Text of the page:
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Nigeria, 2016

Pope meets with 20 freed sex slaves from Nigeria, others


Updated: 2016-06-18T09:20

Pope Francis

Pope Francis yesterday met 20 women from Nigeria and five other countries who have been freed from prostitution as part of his Holy Year of Mercy activities focusing on communities that have experienced suffering.

The Vatican said the meeting was a call to combat human trafficking, which the pope has defined as “an open wound on the body of contemporary society, a scourge upon the body of Christ.”

The Vatican said the women from Nigeria, Romania, Albania, Tunisia, Italy and Ukraine had suffered great physical violence and live under protection. Their average age is around 30.

The pope has dedicated Fridays throughout the Holy Year to the suffering, including visiting Syrian refugees on the Greek island of Lesbos and praying silently at the Auschwitz-Birkenau former Nazi death camp.

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Russian Duma Deputies Propose Death Penalty for Terrorists

Pope meets with 20 freed sex slaves from Nigeria, others

US woman killed in Nepal

Morocco Witnesses Decline In Tolerance for Dissent Says Human Rights Watch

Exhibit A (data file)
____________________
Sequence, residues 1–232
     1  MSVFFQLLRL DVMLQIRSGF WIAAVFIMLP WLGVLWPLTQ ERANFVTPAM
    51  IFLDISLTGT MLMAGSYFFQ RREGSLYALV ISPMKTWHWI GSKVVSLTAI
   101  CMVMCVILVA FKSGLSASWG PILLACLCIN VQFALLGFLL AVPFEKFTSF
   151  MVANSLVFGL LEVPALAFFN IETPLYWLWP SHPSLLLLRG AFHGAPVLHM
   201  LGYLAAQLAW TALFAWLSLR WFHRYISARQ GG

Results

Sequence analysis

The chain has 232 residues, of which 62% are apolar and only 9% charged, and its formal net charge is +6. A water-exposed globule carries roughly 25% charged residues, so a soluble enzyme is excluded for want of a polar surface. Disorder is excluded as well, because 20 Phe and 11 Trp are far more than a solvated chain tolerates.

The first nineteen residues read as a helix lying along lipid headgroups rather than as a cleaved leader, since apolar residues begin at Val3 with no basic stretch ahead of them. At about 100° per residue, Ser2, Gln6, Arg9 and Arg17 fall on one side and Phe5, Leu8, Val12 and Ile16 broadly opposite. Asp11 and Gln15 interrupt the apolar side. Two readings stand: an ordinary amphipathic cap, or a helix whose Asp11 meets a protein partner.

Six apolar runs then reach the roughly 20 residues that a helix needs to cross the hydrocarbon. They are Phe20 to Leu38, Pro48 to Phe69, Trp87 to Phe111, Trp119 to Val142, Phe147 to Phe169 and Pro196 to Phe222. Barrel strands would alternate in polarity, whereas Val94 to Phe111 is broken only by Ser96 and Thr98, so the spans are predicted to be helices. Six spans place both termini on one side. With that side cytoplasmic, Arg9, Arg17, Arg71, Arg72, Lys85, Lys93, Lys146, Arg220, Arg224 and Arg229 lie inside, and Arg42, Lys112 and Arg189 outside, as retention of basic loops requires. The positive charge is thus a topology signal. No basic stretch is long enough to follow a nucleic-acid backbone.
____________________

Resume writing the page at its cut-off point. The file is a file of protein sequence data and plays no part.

Russia, 2016

Russian Duma Deputies Propose Death Penalty for Terrorists


Updated: 2016-05-18T09:11

death penalty

A number of Russian Duma deputies have proposed a bill that would introduce the death penalty for terrorism-related crimes, the Kommersant newspaper reported Friday.

The bill was introduced by A Just Russia political party leader Sergei Mironov and two other deputies.

“The goal of rehabilitation for such criminals … cannot be achieved, and the punishment has to be adequate to the threat their deeds pose to society and serve as a warning [to others],” Mironov said in a statement published on the party's website.

Although a provision in Russia's Criminal Code allows capital punishment for serious crimes, a moratorium has been in place since 1996.

In 2009, the Constitutional Court extended the moratorium and ruled that no court in the country has the right to sentence anyone to death.

There is a new solution coming up for ugly old women. Normally they would just become man-hating feminists. But soon they can have their brains transplanted into a sex doll, and feel beautiful again.

As a man, instead of lamenting the Islamization of Europe, put yourself in the camp of the victors. Any man can become a Muslim by just uttering the Shahada. A matter of 5 minutes.

Moroccan throws his wife off 3rd floor Balcony after Refusing Abnormal Sex Positions

Up to 6 Months in Jail if You Sexually Harass a Woman in Morocco

South Africa Rape: Shocking Levels of violence in mining area

Why the West is committed to the murderous rebels in Libya

China, 2016

How Traditional Medicine Gains – and Loses – by Standardization


Updated: 2016-04-15T07:14

Dr. Jing Wang is the sixth generation of traditional Chinese medicine practitioners in her family. Her grandfather learned how to mix and boil herbs from an old village doctor.

Wang herself graduated from Beijing University of Chinese Medicine. During her Ph. D program, she spent two years at Yale University researching cancer. Now, as a physician at Dongzhimen Hospital, she’s interested in applying integrated Chinese and Western medicine to combat the disease.